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Perhaps it’s my British upbringing (we are globally renowned for our queuing skills, after all), but since I arrived in Beijing, I have always been fascinated by the fervent crowds that gather outside some of the Capital’s restaurants every day. So, like the intrepid anthropologist I am, I struck off on a quest to find out just what it is about these venues that keeps people going back day after day.
Is it that the food is genuinely delicious and good value? Are people scared of missing out on what they’ve seen on social media and review websites (WeChat groups regularly publish round-ups of Beijing’s most popular restaurants)? Or is it simply force of habit?
Whatever the reason, the question remains: Is it worth the wait?
8am: Shandong Qiangmian Mantou Dian, Gulou Dongdajie
Everyone in Gulou has had to navigate past the queue of ayis blocking the pavement outside this unassuming storefront peddling steamed mantou at some point. Explanations as to its popularity are not forthcoming; everyone we ask simply says: “We’ve been coming here for years.” We grab a bag of the mountainous steamed beauties (RMB 1 each) to go. My friend, who considers himself a connoisseur of all things bread-related, declares them “slightly pointless” and I start to hope this doesn’t become a metaphor for today’s exercise. However, the tang san jiao, steamed buns stuffed with brown sugar (RMB 2), make the wait worthwhile.
Average queuing time: 20 minutes
Worth the wait? To say you’ve done it, yes. In truth, the fresh mantou are much better than shop bought ones.
1pm: Xishaoye Roujiamo, Wudaokou
Eateries in Beijing’s office areas are notoriously crowded, so escaping to one of the outside stalls must be a better option, right? Wrong. Snaking queues form outside this small stall in Wudaokou every day, lasting well into the late afternoon. The stall specializes in roujiamo, crusty bread pockets filled with shredded meat – arguably the perfect take away lunch. Rumored to have been started by a former Tencent employee, Xishaoye has received a fair amount of hype on Chinese social media, but perhaps the real reason for the queues is that it fulfills the main requirements of contemporary office eating culture: get in and out as quickly as possible for as little money as possible.
Average queuing time: 30 minutes
Worth the wait? No. Even if you happen to be in Wudaokou, there are much better ways to spend your lunch hour than queuing for a chopped meat sandwich (even if it is a good one).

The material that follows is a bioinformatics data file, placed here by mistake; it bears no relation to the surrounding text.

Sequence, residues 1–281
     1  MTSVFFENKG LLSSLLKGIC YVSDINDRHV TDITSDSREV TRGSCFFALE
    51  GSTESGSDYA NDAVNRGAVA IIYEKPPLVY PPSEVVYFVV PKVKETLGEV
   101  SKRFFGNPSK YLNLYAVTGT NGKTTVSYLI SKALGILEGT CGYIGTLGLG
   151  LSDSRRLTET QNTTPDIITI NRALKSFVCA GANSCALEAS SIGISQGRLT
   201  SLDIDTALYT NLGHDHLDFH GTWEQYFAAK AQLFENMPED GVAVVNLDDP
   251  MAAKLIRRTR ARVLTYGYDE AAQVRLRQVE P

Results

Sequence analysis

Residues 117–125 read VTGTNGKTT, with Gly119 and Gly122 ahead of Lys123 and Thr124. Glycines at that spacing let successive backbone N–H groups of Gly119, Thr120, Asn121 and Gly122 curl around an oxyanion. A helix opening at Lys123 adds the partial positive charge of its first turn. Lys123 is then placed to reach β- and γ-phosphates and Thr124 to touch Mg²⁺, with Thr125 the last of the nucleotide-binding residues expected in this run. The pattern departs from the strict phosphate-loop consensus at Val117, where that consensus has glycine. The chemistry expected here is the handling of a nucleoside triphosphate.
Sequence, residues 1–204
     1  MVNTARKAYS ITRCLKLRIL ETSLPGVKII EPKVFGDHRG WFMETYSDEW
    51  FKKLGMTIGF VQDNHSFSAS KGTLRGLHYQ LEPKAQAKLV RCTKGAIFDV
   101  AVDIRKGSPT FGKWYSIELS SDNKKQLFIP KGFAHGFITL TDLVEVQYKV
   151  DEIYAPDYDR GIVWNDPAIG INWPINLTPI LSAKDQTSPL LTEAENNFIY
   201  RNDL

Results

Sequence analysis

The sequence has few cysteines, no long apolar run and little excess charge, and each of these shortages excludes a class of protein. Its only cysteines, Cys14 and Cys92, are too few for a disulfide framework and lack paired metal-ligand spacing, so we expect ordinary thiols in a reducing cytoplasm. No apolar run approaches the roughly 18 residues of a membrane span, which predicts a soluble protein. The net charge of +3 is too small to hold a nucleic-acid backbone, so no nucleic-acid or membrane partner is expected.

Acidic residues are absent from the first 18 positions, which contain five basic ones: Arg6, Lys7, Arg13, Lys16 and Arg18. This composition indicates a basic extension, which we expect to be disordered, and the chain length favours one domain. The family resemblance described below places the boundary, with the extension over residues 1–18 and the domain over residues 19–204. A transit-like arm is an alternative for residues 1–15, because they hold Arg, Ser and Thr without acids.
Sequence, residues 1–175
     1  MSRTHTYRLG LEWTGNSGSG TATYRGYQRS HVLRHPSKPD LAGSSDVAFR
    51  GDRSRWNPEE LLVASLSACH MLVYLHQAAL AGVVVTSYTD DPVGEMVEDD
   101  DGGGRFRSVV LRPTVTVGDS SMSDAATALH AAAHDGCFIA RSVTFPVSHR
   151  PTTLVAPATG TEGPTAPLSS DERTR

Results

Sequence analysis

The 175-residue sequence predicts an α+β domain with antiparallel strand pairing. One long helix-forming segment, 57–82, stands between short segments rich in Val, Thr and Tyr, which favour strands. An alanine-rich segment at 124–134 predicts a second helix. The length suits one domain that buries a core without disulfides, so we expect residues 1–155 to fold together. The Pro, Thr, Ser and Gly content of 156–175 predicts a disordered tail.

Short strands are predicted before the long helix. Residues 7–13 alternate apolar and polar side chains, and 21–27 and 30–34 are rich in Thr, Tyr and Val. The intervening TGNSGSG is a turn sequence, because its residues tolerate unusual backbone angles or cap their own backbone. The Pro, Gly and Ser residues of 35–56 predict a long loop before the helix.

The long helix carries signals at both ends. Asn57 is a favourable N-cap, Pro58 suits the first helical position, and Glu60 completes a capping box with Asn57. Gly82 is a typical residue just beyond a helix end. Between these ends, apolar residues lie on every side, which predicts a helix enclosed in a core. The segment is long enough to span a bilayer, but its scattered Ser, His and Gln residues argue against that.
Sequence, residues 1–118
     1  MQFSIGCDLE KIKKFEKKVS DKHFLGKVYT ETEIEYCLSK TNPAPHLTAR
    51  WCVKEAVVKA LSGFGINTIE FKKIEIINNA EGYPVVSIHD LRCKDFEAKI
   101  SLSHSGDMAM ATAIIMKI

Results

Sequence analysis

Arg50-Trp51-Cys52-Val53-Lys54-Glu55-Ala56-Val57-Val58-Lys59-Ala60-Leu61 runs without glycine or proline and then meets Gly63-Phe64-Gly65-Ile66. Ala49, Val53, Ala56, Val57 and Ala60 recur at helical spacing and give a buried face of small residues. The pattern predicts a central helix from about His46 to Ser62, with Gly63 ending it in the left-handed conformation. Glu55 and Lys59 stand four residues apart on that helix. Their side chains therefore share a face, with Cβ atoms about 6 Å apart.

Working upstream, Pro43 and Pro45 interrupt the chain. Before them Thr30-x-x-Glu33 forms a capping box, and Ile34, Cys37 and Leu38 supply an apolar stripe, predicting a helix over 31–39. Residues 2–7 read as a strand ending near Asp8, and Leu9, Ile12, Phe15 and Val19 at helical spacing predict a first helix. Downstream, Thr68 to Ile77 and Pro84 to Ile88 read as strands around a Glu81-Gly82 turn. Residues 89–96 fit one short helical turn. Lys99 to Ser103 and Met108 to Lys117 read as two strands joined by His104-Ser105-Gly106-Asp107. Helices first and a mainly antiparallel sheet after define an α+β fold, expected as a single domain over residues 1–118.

6pm: Waipojia, Wangfujing APM Mall
The Dianping reviews of this otherwise unassuming branch of Zhejiang-style restaurant chain Waipojia number in the thousands. On the weekend, wait times can stretch well beyond two hours. So what is it that keeps the crowds stacking up outside? In a nutshell, cheap prices. At RMB 3, their signature mapo doufu (an admittedly solid rendition) is so cheap they are practically giving it away. Every table orders at least one portion. The location in Wangfujing’s trendy APM Mall, home to a shiny Apple Store and Beijing’s only branch of Forever 21, certainly doesn’t hurt.
Average queuing time: 60-120 minutes
Worth the wait? No. True, you’ll struggle to find cheaper mapo doufu in the city, but it doesn’t compensate for the uninspiring atmosphere and extreme wait times. If you just have to have spice, you’d be better off queuing at Zhang Mama.
11pm: Huda, Guijie
On any given night, you will find a small forest of stools outside Huda’s flagship location on Guijie, blocking the sidewalk, ready to anticipate the waves of people who will fill them well into the early morning. The hoards milling around outside, cracking sunflower seeds and shooting the breeze, are all here for one thing: spicy crayfish. Locals and Beijing newbies alike come to sample the spiny beauties, which are sold individually (RMB 3/4/5/7) and, if Dianping is anything to go by, are considered some of the best in town. Maybe it’s my aversion to peeling my own shellfish, but for me this one is pure hype; like seeing a queue and joining it just to see where you end up.
Average queuing time: 90 minutes
Worth the wait? Absolutely. The Guijie experience is a unique, and at times trying, one, but the carnival atmosphere more than makes up for it. Our top tip for Huda: go during the day and take an advance number. You will be given priority for table allocation no matter what time you arrive.
Photos: Mitchell Pe Masilun, Robynne Tindall, welcometochina.com.au
Visit the original source and full text: the Beijinger Blog